Once a week I drop Ainsley off at preschool, and hustle back to the elementary school to volunteer in Addi's classroom for a couple of hours. Ainsley does go to preschool twice a week, so in theory, I should volunteer one morning with Ali's class and one morning with Addi's class, but Ali had a substitute teacher for most of the fall (her teacher had a baby shortly after school started) and I used that as my reason to not volunteer myself. After typing that all out, I realize it makes absolutely no sense -- I'm sure the substitute could have used help while she was there -- but whatever. Seemed like a good enough reason for me. Now I don't volunteer simply because I have 2 FREE HOURS to myself, once a week, where I can run errands and not take a certain 4 year old to the bathroom or listen to her whine about getting a new toy or play Barbies or dance to Barbie music or list every single snack she can have over and over again until she finally makes a decision on what to have for snack. For eight years, I have not had two free hours to myself on a weekly basis, so call it selfish, I am not giving them up. I'm going to call it cheap mom therapy and try not to feel guilty about it.
For the first hour(ish), I am in the classroom or hallway with the kids. The slightly terrifying part is that it is almost always math related -- games, work sheets or flashcards and I am horrible at math. Horrible may be an understatement... I use a calculator for everything, either the one on my phone, or the living one that I married. Each week I say a little prayer walking into the school that the 2nd grade class hasn't passed my math capabilities. Laugh all you want, but I started sweating profusely when Addi told me she was starting long division and fractions. Since I have the kids in groups, and try to get through all 25 of them before our time is up, the stuff we work on is a lot of review and I haven't embarrassed myself... yet.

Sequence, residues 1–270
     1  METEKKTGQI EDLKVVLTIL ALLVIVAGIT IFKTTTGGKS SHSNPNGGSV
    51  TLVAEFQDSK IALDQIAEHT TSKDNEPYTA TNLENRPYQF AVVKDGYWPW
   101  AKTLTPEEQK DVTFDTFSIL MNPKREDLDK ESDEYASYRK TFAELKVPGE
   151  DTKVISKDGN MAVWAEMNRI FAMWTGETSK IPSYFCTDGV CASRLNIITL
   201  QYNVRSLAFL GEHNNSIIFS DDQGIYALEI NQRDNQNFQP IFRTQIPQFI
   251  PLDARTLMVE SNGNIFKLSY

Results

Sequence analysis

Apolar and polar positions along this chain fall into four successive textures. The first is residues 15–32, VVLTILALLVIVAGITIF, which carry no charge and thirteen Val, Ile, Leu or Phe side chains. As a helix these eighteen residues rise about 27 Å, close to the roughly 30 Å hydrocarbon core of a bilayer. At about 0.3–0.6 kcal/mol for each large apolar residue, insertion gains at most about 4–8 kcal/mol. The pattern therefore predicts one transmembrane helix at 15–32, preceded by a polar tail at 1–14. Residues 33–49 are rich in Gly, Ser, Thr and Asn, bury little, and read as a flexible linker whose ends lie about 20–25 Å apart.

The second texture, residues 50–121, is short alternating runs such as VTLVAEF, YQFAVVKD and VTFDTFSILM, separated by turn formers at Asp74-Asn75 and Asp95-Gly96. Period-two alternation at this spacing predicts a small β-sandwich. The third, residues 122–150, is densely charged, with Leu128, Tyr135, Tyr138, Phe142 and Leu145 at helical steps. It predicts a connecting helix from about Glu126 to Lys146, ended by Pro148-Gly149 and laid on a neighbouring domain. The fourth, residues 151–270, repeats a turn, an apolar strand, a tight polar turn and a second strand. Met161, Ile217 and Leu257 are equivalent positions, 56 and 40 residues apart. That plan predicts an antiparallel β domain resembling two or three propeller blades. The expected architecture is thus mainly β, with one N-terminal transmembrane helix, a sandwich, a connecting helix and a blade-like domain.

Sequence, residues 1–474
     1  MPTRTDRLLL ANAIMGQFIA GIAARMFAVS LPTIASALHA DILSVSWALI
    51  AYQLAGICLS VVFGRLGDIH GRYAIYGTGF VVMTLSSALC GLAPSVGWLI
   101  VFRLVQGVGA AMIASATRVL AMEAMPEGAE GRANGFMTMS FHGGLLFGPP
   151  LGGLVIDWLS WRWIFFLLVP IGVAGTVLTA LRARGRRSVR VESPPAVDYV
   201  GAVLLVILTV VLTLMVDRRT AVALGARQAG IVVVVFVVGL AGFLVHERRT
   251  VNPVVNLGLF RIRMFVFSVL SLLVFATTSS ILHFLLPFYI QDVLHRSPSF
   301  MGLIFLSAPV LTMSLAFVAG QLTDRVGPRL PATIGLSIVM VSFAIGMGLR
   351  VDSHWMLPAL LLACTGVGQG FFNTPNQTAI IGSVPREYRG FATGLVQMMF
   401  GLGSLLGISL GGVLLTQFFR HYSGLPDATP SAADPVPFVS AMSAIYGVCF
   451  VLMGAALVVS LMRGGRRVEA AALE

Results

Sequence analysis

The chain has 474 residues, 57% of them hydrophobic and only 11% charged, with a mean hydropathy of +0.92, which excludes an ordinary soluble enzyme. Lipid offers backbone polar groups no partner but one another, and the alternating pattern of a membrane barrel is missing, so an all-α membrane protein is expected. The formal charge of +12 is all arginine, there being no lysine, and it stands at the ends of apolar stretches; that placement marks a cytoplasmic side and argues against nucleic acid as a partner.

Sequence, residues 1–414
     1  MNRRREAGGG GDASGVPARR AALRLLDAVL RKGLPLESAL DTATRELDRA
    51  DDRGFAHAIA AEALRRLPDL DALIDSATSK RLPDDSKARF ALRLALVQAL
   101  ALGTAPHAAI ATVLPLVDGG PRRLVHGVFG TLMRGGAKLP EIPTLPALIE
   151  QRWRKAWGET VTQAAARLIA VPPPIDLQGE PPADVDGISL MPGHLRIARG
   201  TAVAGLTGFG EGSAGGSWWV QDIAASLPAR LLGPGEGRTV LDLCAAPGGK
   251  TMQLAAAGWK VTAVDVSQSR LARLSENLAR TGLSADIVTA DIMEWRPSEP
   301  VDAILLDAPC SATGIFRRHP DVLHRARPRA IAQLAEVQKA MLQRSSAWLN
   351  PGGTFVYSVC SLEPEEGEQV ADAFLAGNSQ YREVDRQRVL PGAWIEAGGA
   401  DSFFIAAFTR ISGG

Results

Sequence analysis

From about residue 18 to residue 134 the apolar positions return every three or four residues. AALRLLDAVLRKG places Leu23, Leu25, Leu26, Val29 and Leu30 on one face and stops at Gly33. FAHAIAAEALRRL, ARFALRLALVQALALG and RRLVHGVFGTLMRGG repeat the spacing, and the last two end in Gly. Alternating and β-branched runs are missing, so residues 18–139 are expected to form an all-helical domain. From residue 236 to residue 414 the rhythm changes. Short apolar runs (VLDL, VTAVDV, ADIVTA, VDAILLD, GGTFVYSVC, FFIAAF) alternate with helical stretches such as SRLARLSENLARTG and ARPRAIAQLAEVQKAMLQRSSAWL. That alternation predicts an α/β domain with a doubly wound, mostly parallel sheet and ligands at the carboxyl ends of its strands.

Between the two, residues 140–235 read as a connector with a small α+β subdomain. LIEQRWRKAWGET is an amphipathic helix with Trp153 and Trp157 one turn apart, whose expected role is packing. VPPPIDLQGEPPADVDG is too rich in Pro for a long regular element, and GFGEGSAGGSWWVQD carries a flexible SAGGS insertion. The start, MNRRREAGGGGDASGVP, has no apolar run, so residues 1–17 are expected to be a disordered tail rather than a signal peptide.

When it's time for the kids to leave for music class, I get a stack of work to keep me busy. Mostly I spend my time in the teacher's lounge, making copies. Growing up, I pictured the teacher's lounge to have big fluffy couches, or comfy chairs for the teachers to, you know... lounge. Not the case. It's filled with copy machines, extra paper, cutting boards, enough paperclips to build a paperclip mansion, and hard chairs. There is no lounging in there... it's just a nice way to call 'room where you do all your prep work before your real work starts'.
There is one other room I go to... the laminating room. It's tucked way in the back of the school, right next to the boiler room, so it's always a balmy 130 degrees. It's also at the end of the hallway from the preschool rooms. This is all important information to know as I tell you about my little... incident.
Last week I had a few papers to copy, but a large stack to laminate. I headed right for the laminating room, only to find out that the machine hadn't been turned on yet. I turned it on, and stuck my head into one of the preschool rooms to ask how long it takes to warm up... and was told about 20 minutes. So, I headed back down the long hallway to the teacher's lounge to make my copies. Once I was done in there, I headed back to the laminating room. I started with my first stack of papers.
After the laminating sheet gets so long, I stop and use the cutter to tear them off to make it easier to trim them up all nice and neat.